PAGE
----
Background: Gender-specific differences in mental illnesses have been widely confirmed. Gender differences have also been found in the utilization of psychotherapeutic and medical care services. The present study is the first to examine gender differences in the utilization of psychotherapeutic care in Austria. Material and methods: A sample of 1909 inpatients (64% women) with a mental illness were questioned about the utilization of outpatient psychotherapeutic treatment during inpatient treatment at a psychosomatic clinic in Austria. Both outpatient psychotherapeutic treatment prior to the current inpatient psychosomatic treatment as well as the planned follow-up outpatient treatment were assessed. Results: The majority of the patients (70%) had been suffering from a mental disorder for more than 2 years, almost half (45%) had already received inpatient treatment and 82% had already received outpatient treatment prior to the current treatment. Thus, the present data are from a sample of chronically mentally ill patients. The results showed gender-specific differences in the utilization of psychotherapeutic treatment. Men visited medical doctors less often than women, were less often in psychotherapeutic pretreatment (men 79%, women 84%) and also planned further follow-up inpatient treatment less often. Conclusion: This gender difference in the utilization of psychotherapeutic treatment could be explained by the fact that there are differences in social expectations towards men and women. The motivation for treatment in men could be promoted by a gender-specific treatment strategy.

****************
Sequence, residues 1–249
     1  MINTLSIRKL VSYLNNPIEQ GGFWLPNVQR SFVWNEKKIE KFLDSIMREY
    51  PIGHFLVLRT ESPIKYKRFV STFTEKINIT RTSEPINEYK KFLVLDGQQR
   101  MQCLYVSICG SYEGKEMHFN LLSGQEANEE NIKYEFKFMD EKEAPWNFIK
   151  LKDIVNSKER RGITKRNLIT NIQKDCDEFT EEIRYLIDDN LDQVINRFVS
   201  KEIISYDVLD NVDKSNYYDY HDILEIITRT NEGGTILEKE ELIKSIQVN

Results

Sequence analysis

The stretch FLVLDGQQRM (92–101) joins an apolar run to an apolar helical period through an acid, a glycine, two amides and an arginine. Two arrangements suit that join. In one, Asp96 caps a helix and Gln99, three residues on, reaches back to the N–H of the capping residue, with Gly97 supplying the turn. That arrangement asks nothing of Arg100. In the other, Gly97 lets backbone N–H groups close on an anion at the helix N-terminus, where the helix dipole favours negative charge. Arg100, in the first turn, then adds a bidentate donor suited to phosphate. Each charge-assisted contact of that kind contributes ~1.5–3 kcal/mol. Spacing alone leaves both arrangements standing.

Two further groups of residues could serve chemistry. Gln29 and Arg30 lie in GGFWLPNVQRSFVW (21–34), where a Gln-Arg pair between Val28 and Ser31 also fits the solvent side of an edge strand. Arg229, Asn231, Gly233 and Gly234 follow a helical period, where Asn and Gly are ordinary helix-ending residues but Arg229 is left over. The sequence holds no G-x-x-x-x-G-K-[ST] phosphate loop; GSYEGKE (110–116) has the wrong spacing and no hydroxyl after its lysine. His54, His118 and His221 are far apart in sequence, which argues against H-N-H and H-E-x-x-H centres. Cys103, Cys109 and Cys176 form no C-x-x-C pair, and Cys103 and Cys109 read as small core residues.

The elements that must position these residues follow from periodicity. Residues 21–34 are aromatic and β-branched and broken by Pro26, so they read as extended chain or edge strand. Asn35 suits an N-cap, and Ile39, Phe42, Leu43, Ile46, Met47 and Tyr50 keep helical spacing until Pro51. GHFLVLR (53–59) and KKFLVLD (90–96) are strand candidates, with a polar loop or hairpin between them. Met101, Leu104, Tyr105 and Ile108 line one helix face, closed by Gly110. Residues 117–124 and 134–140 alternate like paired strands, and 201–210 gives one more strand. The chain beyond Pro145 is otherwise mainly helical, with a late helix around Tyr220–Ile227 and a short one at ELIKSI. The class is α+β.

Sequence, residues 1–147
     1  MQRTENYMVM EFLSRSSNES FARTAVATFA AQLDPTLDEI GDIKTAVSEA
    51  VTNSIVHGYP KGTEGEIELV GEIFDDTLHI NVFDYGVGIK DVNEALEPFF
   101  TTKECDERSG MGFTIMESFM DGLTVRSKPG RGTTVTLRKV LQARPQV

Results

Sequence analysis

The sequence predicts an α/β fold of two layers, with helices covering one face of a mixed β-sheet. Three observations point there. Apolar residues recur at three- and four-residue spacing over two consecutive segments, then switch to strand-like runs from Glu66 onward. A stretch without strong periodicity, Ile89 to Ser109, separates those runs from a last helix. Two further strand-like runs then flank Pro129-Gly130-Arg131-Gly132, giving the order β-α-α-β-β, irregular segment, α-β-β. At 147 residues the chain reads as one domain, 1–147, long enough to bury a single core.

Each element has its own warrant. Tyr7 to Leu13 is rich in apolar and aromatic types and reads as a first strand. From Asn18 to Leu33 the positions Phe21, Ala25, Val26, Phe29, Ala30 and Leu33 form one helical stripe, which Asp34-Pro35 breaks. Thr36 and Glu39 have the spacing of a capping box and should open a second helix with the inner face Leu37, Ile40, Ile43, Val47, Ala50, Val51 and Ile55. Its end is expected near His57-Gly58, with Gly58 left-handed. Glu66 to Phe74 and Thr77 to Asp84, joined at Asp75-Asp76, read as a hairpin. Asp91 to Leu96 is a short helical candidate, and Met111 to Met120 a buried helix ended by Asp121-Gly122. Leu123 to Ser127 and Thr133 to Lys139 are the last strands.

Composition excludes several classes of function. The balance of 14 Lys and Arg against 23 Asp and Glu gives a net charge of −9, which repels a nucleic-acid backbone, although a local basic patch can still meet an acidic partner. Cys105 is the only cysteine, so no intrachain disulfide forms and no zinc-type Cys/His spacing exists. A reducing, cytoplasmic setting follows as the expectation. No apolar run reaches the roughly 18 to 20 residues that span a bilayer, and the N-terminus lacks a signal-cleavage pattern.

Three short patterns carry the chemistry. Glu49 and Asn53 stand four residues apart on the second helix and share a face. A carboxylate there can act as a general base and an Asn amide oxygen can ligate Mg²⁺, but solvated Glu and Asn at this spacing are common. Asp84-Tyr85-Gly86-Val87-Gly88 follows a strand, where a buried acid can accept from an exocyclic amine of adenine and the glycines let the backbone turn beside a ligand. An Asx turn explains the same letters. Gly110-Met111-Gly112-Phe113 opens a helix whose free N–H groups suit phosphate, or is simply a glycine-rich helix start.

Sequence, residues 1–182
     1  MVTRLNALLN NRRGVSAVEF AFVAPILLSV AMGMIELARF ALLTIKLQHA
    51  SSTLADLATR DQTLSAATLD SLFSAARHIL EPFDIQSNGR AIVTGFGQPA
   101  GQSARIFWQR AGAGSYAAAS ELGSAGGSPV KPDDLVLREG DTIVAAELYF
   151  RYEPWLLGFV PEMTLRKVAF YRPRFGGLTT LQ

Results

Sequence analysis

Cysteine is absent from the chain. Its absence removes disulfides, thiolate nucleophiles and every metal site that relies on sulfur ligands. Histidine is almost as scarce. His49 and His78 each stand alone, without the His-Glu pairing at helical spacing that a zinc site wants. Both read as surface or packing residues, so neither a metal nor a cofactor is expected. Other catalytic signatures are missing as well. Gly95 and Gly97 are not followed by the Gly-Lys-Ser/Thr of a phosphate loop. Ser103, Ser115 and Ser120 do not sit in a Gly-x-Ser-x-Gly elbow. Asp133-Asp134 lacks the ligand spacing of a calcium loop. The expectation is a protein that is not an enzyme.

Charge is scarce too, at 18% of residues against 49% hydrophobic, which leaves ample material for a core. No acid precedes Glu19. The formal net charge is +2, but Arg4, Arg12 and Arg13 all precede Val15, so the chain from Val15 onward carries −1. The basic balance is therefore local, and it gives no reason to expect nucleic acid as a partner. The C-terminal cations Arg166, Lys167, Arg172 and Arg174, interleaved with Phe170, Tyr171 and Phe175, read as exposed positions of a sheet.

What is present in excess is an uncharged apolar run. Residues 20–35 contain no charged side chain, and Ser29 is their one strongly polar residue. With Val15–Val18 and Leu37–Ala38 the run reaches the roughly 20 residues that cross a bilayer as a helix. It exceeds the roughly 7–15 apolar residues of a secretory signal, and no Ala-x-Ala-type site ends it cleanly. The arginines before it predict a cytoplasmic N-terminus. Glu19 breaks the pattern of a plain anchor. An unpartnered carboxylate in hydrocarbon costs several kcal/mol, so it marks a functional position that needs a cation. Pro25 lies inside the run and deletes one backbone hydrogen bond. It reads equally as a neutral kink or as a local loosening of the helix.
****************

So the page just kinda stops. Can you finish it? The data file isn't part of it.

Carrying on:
|Translated title of the contribution||Gender-specific differences in psychotherapeutic care: Current data from Austria|
|Number of pages||7|
|Publication status||Published - Nov 2021|
ASJC Scopus subject areas
- Clinical Psychology